Blizzard Stories Rise From The Chaos

Author Cathie Pelletier’s new book features man stuck in Bar Harbor snowbank for 60 hours

Carrie Jones

BAR HARBOR—As the snow trundled down outside, Maine author Cathie Pelletier spoke of her new nonfiction book, Northeaster: A Story of Courage and Survival in the Blizzard of 1952 to an enraptured crowd in person at the Jesup Memorial Library and on Zoom Thursday evening. The event was co-sponsored by Sherman’s Maine Coast Book Shop.

The creative nonfiction book details the stories of many Mainers as they dealt with the storm, which killed six in the state. Travelling from town to town during her Maine book tour, Pelletier picks and chooses the stories in her book that most closely respond to the locations she visits and then shares pieces of those stories before answering questions.

“It’s the drama that happens to ordinary people, ordinary towns,” that make the footnotes of history, she told the group about the stories. “What rises from the chaos deserves memory.”

She also gave a couple of kudos to local author Earl Brechlin who helped her with research on the Bar Harbor story that’s included as well as to Sue Godley, whose father is also featured in the book for what happened with him on Branch Lake in Ellsworth.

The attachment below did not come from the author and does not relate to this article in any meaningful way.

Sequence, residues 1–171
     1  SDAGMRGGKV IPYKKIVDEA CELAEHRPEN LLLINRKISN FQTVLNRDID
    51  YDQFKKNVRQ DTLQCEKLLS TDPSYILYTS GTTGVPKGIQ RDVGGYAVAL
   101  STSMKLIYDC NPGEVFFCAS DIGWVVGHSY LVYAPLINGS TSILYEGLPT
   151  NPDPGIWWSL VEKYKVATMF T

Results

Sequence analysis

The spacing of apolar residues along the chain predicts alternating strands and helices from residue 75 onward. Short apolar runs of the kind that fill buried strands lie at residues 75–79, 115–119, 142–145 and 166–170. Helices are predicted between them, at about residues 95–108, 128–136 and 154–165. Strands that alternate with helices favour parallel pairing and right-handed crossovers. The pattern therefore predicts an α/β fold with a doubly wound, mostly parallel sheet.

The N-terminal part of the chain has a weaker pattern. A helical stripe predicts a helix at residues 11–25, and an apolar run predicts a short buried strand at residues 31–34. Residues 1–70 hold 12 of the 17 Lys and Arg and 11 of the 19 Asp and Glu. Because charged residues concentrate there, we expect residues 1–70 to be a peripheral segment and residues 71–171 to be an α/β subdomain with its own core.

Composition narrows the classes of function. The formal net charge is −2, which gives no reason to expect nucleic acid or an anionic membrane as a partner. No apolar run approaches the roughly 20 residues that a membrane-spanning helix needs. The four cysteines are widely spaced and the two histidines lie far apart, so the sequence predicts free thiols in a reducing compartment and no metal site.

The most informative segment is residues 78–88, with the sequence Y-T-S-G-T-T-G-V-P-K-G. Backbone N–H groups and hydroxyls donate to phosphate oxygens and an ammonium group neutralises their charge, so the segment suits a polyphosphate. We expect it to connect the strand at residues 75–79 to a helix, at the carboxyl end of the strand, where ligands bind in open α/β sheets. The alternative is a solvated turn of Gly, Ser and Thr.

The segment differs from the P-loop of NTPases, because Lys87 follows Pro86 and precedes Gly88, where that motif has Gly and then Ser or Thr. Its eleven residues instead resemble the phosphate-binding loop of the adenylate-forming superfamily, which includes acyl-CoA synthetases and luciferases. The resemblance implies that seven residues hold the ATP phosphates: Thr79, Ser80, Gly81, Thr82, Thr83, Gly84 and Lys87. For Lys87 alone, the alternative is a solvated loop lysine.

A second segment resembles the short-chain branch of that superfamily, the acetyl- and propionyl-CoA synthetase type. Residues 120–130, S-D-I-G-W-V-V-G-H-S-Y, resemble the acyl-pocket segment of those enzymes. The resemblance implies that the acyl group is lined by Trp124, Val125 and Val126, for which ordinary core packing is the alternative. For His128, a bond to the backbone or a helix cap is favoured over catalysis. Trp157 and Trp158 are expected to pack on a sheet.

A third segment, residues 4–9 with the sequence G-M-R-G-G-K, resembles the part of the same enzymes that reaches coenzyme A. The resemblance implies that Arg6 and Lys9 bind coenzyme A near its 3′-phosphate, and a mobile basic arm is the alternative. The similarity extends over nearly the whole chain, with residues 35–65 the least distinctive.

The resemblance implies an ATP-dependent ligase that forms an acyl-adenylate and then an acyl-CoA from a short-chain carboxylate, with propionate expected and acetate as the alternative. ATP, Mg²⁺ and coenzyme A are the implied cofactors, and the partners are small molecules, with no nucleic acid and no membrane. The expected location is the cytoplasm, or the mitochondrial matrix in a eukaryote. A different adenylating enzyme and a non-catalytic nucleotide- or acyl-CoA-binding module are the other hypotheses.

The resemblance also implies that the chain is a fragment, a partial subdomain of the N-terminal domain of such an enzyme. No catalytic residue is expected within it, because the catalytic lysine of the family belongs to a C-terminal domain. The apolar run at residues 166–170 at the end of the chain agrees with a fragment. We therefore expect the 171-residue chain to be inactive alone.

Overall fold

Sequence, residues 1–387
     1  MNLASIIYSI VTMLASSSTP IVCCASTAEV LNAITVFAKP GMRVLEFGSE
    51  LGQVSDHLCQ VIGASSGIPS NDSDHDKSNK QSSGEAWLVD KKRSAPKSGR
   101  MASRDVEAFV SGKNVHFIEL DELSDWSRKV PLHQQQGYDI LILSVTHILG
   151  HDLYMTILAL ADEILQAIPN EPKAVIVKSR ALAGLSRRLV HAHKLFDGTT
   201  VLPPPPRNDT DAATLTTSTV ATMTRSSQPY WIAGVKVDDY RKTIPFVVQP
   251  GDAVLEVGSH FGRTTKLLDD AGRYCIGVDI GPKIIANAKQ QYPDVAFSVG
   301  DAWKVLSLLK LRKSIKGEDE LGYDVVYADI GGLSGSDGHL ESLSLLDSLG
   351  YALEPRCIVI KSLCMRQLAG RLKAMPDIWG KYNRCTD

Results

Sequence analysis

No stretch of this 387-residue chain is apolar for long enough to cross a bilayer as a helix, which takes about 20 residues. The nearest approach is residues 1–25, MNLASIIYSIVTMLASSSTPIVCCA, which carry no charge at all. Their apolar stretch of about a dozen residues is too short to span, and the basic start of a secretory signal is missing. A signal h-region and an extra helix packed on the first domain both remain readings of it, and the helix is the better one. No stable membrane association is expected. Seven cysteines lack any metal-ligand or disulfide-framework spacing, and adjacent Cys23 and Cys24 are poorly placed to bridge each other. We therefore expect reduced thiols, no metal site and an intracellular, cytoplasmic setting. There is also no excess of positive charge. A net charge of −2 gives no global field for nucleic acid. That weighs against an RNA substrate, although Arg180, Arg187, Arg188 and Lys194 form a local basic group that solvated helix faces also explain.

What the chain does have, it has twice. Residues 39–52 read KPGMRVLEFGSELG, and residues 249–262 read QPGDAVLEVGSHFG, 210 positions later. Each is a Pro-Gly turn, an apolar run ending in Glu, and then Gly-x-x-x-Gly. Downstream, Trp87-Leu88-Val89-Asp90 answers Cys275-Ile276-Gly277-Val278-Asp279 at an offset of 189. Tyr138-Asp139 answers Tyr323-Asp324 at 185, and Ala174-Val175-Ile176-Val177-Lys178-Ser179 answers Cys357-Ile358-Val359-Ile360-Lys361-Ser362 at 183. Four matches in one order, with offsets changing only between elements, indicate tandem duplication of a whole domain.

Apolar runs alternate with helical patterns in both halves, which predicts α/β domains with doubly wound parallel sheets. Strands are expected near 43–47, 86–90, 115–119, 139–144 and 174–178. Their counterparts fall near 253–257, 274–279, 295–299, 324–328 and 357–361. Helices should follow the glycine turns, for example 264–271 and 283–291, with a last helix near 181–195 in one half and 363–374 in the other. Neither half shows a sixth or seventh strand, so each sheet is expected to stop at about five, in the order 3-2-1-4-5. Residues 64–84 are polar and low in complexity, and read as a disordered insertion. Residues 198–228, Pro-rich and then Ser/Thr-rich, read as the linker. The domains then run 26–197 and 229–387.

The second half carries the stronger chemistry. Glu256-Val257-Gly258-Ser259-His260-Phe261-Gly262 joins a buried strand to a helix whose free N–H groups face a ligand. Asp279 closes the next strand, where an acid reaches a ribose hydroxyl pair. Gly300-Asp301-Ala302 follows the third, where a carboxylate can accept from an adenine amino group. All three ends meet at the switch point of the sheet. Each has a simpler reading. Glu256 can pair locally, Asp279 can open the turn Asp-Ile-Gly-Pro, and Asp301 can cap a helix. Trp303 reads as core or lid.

“I became friends with the children of all of these characters. It was as if I had them riding shotgun with me,” she said of writing the book. She asked 1,000 questions of one of the character’s descendants via email. “They seem like parts of my own family now.”

via BDN,

One of the characters her book discusses (and yes, this is a spoiler) is the story of Paul V. Delaney, a 20-year-old seaman who went on a date at the Criterion. When he headed back to the base, the car he was driving became stuck in what eventually became a ten-foot-snow drift on Ireson’s Hill between Salisbury Cove and Hulls Cove. That’s bad enough, but Delaney was trapped under the snow for 60 hours before he was found by then Police Chief Howard MacFarland, John MacFarland (his son), and Officer Alfred Reed. His survival made newspaper headlines.

The Great Blizzard of 1952 is mostly famous not for those smaller stories or the individual perils within them, but because of the wreck of the SS Pendleton, which required a Coast Guard rescue of legendary proportions involving four men rescuing 32 mariners off the tanker, which had snapped in half. They used a wooden boat in the storm. That boat was meant to only carry 16.

via New England Historical Society

This is Pelletier’s thirteenth book. Her first was The Funeral Makers (1986). The 70 year old told the Bangor Daily’s Jessica Potila, “Writers aren’t ballerinas or baseball players. We don’t need young and physical bodies to write, to keep up our profession.”

The award-winning author been fascinated by the blizzard for years and had saved old newspaper clippings. Another nonfiction book about Einstein happened before she finally took the blizzard on, using her imagination and firsthand accounts and information gleaned from newspapers and descendants.


Pelletier’s book on Amazon

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